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University of the Witwatersrand (2018)

Sleep in the Arabian oryx, Oryx leucoryx

Davimes, Joshua Gabriel

Titre : Sleep in the Arabian oryx, Oryx leucoryx

Auteur : Davimes, Joshua Gabriel

Université de soutenance : University of the Witwatersrand

Grade : Doctor of Philosophy (PhD) 2018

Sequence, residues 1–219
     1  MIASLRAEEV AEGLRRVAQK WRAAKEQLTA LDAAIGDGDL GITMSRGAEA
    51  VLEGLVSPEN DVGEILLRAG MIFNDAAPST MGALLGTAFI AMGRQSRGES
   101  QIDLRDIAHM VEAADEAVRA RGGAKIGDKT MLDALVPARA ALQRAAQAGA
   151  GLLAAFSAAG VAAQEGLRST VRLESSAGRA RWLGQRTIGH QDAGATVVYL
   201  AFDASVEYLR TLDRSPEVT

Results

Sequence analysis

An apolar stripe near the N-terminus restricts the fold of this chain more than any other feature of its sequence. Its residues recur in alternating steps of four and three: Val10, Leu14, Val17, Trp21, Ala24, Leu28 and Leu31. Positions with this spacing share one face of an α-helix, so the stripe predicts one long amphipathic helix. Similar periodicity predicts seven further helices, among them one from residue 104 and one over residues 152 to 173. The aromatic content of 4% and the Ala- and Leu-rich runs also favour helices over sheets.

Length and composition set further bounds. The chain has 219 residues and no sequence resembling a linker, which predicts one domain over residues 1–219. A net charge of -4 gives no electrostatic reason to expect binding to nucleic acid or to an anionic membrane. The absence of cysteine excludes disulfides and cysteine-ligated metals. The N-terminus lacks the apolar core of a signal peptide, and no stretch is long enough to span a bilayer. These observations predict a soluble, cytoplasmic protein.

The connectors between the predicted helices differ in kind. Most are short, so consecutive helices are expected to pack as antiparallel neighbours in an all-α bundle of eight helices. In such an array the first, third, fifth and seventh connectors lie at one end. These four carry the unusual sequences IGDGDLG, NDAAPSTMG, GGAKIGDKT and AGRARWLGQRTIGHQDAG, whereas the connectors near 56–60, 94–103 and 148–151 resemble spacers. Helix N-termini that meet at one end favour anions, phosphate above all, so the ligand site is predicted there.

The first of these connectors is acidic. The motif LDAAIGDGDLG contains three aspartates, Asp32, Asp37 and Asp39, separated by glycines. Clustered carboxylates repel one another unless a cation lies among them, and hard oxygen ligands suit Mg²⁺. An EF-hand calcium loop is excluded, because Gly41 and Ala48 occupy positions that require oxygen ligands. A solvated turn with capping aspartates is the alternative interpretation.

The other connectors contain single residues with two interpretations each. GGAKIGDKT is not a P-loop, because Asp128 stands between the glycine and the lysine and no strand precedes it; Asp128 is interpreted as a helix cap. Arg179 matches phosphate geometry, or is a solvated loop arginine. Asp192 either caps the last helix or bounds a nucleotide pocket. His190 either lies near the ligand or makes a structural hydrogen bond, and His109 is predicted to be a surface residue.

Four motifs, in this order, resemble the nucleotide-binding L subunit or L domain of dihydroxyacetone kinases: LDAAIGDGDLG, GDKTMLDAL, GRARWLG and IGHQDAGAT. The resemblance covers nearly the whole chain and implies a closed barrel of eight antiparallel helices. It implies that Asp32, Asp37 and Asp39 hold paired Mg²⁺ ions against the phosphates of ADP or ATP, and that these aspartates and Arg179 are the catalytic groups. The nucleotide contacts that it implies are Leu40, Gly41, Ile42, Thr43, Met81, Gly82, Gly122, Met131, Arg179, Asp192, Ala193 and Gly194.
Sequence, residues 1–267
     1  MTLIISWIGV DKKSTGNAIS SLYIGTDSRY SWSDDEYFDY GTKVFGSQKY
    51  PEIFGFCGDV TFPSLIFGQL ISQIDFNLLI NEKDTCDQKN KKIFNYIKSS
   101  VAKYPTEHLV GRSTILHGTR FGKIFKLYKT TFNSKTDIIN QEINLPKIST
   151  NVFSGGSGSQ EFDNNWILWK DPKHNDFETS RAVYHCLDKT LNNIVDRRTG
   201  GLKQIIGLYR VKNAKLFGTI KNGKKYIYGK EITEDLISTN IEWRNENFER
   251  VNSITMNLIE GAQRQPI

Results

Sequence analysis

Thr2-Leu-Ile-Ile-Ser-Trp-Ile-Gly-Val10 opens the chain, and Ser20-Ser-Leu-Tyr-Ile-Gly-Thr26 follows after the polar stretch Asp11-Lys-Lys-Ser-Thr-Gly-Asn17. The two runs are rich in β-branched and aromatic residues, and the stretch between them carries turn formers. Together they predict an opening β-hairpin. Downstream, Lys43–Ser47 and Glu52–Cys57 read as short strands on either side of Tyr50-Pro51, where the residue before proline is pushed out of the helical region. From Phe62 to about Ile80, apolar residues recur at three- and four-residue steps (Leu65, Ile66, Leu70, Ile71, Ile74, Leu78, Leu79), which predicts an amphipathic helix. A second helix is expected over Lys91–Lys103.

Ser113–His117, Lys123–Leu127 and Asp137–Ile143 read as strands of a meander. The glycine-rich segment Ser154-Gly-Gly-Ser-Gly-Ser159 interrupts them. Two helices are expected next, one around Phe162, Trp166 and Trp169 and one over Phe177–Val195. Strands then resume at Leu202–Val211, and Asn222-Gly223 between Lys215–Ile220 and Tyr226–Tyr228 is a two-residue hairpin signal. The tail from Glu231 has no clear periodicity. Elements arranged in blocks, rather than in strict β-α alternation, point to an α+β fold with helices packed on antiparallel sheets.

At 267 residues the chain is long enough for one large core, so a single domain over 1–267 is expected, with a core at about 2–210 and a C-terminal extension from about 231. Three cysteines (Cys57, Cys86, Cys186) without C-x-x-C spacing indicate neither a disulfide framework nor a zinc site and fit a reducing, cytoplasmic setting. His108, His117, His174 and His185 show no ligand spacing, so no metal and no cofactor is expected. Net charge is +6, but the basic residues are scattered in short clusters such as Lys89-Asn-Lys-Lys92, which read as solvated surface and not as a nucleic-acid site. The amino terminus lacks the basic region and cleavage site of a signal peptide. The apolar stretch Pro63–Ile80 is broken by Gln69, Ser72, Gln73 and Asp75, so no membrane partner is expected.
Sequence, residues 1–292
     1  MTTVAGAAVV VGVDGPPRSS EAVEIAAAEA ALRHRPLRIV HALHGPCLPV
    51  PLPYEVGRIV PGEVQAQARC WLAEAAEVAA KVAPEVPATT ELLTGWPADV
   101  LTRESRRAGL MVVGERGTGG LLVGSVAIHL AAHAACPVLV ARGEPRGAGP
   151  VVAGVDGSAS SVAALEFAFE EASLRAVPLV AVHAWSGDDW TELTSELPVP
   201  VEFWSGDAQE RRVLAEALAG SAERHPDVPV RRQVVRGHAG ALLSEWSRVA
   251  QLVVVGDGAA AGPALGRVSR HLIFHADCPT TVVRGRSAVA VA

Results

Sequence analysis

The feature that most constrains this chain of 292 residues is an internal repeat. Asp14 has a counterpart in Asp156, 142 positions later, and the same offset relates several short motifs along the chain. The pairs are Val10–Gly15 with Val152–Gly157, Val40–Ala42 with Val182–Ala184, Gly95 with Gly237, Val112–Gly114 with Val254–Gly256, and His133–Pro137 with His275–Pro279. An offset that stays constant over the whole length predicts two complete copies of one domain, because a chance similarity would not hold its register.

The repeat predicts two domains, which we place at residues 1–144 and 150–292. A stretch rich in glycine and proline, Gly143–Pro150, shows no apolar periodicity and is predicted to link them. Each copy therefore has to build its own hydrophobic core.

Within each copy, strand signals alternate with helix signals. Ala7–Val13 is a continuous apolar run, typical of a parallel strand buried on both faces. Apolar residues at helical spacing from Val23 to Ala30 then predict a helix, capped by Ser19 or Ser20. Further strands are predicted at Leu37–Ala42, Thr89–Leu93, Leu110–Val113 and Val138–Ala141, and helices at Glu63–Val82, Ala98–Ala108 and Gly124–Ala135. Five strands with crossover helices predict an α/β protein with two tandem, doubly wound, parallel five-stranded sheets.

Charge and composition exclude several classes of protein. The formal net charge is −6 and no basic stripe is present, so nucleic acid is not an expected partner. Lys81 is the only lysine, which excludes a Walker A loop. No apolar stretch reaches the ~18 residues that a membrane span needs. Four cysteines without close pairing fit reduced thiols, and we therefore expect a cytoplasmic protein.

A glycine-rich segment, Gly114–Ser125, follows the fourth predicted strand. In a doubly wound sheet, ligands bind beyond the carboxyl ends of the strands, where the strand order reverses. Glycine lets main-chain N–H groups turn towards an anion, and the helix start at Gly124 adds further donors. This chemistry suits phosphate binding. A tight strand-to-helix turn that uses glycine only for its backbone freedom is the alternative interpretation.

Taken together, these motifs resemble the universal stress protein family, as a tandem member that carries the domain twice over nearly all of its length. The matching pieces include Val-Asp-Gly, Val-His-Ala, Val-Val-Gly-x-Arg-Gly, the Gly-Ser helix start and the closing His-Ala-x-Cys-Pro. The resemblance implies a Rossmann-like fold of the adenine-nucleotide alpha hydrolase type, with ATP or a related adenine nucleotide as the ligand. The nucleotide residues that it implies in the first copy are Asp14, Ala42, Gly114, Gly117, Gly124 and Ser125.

The evolution and function of sleep remains an enigma in modern science. Significant variation can be observed within species and across taxa. Little is understood about how sleep exists, or presents itself in species surviving in extreme conditions. For example, harsh desert ecosystems with notably lower survival rates for resident species. It has been hypothesized that specialized sleep-related behaviours impact thermoregulation to promote survival advantage. The threatened Arabian oryx (Oryx leucoryx), a member of the Cetartiodactyl superorder, is a large desert dwelling ungulate species successfully residing in the arid zones of the Middle East. Arabian Oryx exhibit numerous morphophysiological adaptations and capabilities to cope with their harsh environment. The current thesis provides an examination of the neuroanatomy, physiology and behavioural patterns related to sleep in wild, freeroaming Arabian oryx under natural conditions. It was our objective to determine whether the extreme conditions and climate of the Arabian Desert has led to novelties within the organization of the oryx’s sleep related neuronal architecture, seasonal behaviour patterns and sleep physiology. Using immunohistochemistry and stereology our results indicate the sleep related nuclei in the brain of the oryx exhibit a typical mammalian organizational plan with additional order-specific and novel, species-specific features. Actigraphy revealed that oryx exhibit temporal niche switching patterns seasonally presenting with winter diurnal- and summer nocturnal activity and intermittent patterns during the transitional periods of spring and autumn. Polysomnography results indicate novel sleep patterns between seasons and physiologically confirm activity-based temporal niche switching at a seasonal level. Our work covers the first examination of the Arabian oryx brain sleep centers as well as its yearlong activity patterns. Importantly, it is the first examination of physiological sleep in wild mammals within a desert environment. Our results suggest that ambient temperature acts a dominant driving force for the adaptive behavioural and physiological features described. The Arabian oryx is a remarkable species, well adapted to such an extreme environment and its highly plastic survival mechanisms appear unique. Considering the continual desertification of our planet and the predicted consequences of climate change, knowledge of such species and their continued conservation is of vital importance


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